History of Cambridge, Massachusetts, 1630-1877, Volume 2 – Lucius R. Paige
The „History of Cambridge“ was originally published in 1877. Besides the historical narrative in this volume, the second volume contains a very full and carefully compiled „Genealogical Register“ of the early settlers and their descendants. These volumes are, in the most essential respects, models of what a town history should be. They contain the most important information obtainable from the sources then open to the author, and this is presented in a clear and concise narrative. In the estimation of those most competent to pass judgment, these volumes are authorities. But they are something more than authorities. They not only instruct; they inspire. Nobody deserves the privilege of growing up in this city who does not make himself familiar with these books. They are epitomes of the history, not only of this town, but of a good many other Puritan towns. It fills this place with memories of by-gone scenes and deeds which were precious to the people of those times, and are precious still to us, their descendants or successors.
History of Cambridge, Massachusetts, 1630-1877, Volume 2.
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Cambridge Basics (from Wikipedia):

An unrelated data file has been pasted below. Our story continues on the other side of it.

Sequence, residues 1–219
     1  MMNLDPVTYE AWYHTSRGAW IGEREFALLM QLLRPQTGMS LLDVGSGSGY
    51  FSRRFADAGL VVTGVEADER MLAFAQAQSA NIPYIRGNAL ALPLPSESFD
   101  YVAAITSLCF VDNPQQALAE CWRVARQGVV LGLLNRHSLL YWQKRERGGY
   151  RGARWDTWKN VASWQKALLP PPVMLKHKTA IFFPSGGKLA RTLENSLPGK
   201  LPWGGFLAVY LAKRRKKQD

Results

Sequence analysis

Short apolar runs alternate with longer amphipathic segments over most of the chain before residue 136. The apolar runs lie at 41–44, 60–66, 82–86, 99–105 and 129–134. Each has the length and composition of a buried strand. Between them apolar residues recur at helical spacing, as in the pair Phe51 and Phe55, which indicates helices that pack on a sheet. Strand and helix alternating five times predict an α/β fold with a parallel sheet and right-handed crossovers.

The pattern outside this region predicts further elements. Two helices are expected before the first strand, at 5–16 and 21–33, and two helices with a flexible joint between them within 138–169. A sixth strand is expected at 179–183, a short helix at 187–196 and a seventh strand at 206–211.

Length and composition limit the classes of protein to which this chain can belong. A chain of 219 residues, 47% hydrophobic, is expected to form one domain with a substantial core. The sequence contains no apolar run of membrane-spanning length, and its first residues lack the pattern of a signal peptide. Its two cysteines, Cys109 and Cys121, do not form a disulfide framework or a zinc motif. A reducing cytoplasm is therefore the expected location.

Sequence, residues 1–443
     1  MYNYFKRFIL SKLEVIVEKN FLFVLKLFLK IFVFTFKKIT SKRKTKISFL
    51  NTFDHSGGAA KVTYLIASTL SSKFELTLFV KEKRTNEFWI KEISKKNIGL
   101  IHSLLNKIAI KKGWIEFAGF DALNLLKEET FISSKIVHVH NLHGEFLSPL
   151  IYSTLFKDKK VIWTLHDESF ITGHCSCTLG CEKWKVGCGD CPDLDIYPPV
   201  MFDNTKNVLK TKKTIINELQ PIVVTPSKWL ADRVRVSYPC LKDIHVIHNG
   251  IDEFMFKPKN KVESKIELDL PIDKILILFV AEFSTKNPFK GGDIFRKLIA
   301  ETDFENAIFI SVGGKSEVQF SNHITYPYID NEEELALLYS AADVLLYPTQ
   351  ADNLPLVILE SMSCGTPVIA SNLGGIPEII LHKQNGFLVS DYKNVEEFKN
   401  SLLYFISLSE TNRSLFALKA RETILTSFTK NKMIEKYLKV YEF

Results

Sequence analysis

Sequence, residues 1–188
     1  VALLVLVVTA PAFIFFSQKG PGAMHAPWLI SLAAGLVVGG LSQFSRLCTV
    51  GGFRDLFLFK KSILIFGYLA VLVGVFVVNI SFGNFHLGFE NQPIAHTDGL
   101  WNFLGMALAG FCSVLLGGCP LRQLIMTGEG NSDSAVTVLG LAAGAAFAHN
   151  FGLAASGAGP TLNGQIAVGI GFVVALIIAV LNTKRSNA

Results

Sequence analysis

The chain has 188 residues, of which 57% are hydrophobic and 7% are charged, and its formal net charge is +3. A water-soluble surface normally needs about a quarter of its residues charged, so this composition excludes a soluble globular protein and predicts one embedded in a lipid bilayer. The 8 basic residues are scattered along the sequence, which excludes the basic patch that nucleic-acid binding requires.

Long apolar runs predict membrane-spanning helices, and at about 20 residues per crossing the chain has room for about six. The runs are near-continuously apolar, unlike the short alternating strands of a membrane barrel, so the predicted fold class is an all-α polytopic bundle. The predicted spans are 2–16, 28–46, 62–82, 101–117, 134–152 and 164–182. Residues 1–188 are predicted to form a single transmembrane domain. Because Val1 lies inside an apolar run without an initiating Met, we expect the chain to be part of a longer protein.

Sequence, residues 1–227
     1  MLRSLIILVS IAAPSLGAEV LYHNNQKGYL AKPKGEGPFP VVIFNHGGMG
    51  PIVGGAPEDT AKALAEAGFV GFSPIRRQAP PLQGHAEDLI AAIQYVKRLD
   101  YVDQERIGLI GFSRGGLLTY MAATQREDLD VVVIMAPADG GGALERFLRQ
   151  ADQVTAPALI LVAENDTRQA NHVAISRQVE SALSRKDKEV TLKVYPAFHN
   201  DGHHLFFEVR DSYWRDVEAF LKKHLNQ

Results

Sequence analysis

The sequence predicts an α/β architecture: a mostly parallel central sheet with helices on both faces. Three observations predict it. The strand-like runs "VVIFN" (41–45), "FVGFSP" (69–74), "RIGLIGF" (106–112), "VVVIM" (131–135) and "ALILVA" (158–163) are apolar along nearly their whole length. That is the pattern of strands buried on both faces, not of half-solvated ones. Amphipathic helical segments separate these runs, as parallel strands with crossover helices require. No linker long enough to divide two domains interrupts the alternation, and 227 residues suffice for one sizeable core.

Cambridge is a city in Middlesex County, Massachusetts, and is a part of the Boston metropolitan area.
Situated directly north of the city of Boston, across the Charles River, it was named in honor of the University of Cambridge in the United Kingdom, an important center of the Puritan theology embraced by the town’s founders.
Harvard University and the Massachusetts Institute of Technology (MIT), two of the world’s most prestigious universities, are located in Cambridge, as was Radcliffe College, one of the leading colleges for women in the United States until it merged with Harvard.
According to the 2010 Census, the city’s population was 105,162. As of July 2014, it was the fifth most populous city in the state, behind Boston, Worcester, Springfield and Lowell. Cambridge was one of the two seats of Middlesex County prior to the abolition of county government in 1997; Lowell was the other.
Kendall Square in Cambridge has been called „the most innovative square mile on the planet“, in reference to the high concentration of entrepreneurial start-ups and quality of innovation which have emerged in the vicinity of the square since 2010.
(The text of the last section was taken from a Wikipedia entry and is available under the Creative Commons Attribution-ShareAlike License.)
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